"For over two years State Farm has refused to pay the benefits owed under this policy by continuously blaming Ms. Ridgeway for this accident. She was an innocent victim of Mr. Gibson's idiotic decison to run from the police," said Moore in closing argument. Ms. Ridgeway is a single mother of four with her oldest son in college at the University of South Alabama. She testified that every month for years and years she struggled to pay her insurance premiums to State Farm, which she said were about $70 per month. "At her income level she had to work about 10 hours every month just to cover her premiums and this is what she gets for her hard work," her attorneys told jurors in closing argument referencing State Farm's blaming her for the collision.

For additional information on this story visit the Mobile Register online.

Wednesday, January 7, 2009

Innocent Victim of High Speed Chase has to sue her own Insurance Carrier for Benefits

The Mobile Press Register recently reported on an interesting case pending in Mobile County involving a State Farm insured who was an innocent victim of a high speed chase. On November 14, 2006 Francilla Ridgeway was injured when a State Trooper vehicle collided with her vehicle at an intersection in Chickasaw, AL. Ms. Ridgeway entered the intersection on a green light and did not see or hear the approaching Trooper vehicle. The Trooper was engaged in a high speed pursuit of a fleeing motorist who had led law enforcement on a 30-40 minute high speed chase throughout the Mobile, Saraland and Chickasaw area. The fleeing motorist, Daniel Gibson, was driving a highly modified Ford Focus and admitted to traveiling in excess of 140 miles per hour and driving recklessly as he attempted to evade the pursuing law enforcement officers.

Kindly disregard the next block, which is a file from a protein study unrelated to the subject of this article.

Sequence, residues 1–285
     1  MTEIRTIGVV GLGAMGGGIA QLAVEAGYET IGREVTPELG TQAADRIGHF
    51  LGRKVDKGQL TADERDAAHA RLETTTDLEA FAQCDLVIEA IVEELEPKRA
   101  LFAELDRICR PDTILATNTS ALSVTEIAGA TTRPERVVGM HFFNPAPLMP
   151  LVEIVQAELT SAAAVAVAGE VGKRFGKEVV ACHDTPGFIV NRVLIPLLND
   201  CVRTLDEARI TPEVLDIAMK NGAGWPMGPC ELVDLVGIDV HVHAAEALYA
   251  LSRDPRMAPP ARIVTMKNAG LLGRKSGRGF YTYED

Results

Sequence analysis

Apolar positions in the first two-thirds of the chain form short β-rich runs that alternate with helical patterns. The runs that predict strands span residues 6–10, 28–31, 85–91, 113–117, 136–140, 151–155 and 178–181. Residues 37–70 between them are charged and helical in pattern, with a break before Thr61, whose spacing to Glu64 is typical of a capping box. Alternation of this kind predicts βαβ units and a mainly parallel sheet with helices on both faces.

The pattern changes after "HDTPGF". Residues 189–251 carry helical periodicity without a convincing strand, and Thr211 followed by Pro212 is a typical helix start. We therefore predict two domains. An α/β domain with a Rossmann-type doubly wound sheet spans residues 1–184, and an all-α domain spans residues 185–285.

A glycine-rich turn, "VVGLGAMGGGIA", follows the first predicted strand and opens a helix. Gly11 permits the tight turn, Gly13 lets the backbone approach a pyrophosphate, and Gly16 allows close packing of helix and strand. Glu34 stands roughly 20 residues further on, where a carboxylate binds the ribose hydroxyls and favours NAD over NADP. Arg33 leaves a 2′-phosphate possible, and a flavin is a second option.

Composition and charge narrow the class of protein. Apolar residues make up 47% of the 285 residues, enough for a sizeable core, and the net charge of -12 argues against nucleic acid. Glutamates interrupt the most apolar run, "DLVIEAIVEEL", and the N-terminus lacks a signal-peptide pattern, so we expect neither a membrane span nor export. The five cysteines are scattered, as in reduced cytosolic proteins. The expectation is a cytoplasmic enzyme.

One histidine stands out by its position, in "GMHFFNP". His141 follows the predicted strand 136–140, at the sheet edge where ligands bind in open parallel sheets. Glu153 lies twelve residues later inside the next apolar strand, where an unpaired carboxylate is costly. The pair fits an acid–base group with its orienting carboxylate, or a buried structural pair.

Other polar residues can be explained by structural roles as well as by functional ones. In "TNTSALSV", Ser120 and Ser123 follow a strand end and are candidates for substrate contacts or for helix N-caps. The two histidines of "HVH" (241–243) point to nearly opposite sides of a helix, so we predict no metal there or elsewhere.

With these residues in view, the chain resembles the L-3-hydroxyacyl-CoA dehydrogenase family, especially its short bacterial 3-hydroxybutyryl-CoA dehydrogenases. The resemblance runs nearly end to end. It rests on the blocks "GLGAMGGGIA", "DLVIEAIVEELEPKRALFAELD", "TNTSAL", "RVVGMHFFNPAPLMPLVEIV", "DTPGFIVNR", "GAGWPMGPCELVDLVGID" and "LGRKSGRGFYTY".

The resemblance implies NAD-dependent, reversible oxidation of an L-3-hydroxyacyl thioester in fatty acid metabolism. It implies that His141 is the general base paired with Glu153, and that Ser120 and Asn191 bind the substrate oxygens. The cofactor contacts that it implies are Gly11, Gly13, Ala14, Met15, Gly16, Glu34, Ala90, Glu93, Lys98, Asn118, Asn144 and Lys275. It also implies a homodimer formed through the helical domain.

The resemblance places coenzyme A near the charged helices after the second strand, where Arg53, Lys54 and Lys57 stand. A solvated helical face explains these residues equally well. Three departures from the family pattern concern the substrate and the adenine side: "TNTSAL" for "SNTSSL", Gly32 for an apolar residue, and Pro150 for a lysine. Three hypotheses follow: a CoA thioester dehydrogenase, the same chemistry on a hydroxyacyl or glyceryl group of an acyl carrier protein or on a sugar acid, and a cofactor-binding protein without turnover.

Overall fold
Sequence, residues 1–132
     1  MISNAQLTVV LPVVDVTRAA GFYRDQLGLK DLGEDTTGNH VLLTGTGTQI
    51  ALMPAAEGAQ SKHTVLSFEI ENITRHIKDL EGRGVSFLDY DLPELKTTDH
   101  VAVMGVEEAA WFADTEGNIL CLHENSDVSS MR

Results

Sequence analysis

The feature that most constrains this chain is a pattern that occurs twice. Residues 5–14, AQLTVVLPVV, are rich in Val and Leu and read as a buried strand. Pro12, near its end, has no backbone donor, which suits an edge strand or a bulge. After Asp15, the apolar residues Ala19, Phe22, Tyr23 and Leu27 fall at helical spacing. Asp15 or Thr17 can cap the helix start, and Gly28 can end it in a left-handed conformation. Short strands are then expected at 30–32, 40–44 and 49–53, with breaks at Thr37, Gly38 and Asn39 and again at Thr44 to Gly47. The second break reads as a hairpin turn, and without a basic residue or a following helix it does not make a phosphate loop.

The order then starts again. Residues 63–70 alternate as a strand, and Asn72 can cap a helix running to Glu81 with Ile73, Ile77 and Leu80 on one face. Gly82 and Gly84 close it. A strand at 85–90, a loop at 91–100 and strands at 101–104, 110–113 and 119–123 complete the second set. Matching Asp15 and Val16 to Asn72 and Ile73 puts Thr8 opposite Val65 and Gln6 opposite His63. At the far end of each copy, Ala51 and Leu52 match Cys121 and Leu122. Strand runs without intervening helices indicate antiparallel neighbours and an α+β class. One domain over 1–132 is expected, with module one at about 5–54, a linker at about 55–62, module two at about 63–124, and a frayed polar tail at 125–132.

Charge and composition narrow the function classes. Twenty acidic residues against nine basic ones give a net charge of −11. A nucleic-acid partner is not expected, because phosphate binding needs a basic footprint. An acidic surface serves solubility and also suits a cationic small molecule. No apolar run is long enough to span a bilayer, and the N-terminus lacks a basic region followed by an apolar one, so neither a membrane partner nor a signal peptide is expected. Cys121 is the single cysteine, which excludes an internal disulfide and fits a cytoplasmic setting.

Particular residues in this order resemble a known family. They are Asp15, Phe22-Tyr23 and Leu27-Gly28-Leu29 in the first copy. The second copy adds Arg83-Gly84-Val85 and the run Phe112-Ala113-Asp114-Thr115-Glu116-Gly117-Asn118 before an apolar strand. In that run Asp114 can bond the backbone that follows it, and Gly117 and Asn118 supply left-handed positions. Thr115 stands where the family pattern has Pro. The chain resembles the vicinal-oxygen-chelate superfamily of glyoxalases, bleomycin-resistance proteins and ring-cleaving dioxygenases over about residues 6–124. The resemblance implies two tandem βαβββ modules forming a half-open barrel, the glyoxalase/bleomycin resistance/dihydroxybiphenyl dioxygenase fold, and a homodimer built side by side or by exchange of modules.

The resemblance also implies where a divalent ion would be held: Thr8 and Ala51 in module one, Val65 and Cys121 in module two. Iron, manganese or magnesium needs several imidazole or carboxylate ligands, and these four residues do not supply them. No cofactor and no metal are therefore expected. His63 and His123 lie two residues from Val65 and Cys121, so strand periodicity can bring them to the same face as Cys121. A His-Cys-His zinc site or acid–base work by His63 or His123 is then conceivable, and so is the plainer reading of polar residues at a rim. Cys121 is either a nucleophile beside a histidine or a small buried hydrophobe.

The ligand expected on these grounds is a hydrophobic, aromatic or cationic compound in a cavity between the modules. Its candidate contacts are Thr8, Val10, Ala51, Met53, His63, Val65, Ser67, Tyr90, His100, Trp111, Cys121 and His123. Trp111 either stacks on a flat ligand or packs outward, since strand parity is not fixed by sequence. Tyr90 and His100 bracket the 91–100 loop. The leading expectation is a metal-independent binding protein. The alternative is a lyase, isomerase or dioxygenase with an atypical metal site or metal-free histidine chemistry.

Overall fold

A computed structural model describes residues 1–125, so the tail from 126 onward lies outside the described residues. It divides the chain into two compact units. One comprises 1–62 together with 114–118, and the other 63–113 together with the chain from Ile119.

Ms. Ridgeway originally named Gibson as a defendant in the civil action claiming his negligence or wantonness caused the collision with the Trooper vehicle. Mr Gibson's insurance company paid their liability limits but the amount was insufficient to cover the full extent of Ms. Ridgeway's injuries. Under her policy with State Farm, Ms. Ridgeway has "underinsured" motorist coverage which provides additional benefits if an at-fault driver does not have enough liability coverage. State Farm denied Ms. Ridgeway's claim and never offered any underinsured motorist benefits to her claiming the collision was not Mr. Gibson's fault but rather Ms. Ridgeway's fault for not seeing the oncoming Trooper even though she entered the intersection with a green light.

Steve Moore, Ms. Ridgeway's attorney said he elected not to sue the Trooper involved in the incident because he did not believe he did anything wrong. "While some people may look at this situation and say the Trooper should have backed off from the pursuit or maybe he should have gone through the red light at a slower speed, I just felt legally the person who should be accountable is the person who caused this situation to begin with and that is Daniel Gibson." State Farm "stands in the shoes" of Mr. Gibson for any damages he may legally owe Ms. Ridgeway per the terms and conditions of the underinsured motorist provisions of their policy with Ms. Ridgeway. "They do not want to pay benefits that Ms. Ridgeway paid a premium for so they argue that the accident wasn't Mr. Gibson's fault and have forced their insured to litigate this case," said Moore.

The Mobile Press Register online at has more on this story.